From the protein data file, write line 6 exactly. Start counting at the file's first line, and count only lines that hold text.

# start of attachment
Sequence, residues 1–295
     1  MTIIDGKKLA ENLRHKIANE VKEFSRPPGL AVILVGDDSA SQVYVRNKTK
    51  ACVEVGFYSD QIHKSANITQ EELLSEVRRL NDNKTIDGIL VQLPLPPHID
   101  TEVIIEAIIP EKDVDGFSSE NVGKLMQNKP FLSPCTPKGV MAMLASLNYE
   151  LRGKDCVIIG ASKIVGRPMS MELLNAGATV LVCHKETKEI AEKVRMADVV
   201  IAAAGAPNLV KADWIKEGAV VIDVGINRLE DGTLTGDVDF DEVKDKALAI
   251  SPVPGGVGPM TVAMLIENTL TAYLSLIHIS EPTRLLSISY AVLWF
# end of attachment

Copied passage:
   201  IAAAGAPNLV KADWIKEGAV VIDVGINRLE DGTLTGDVDF DEVKDKALAI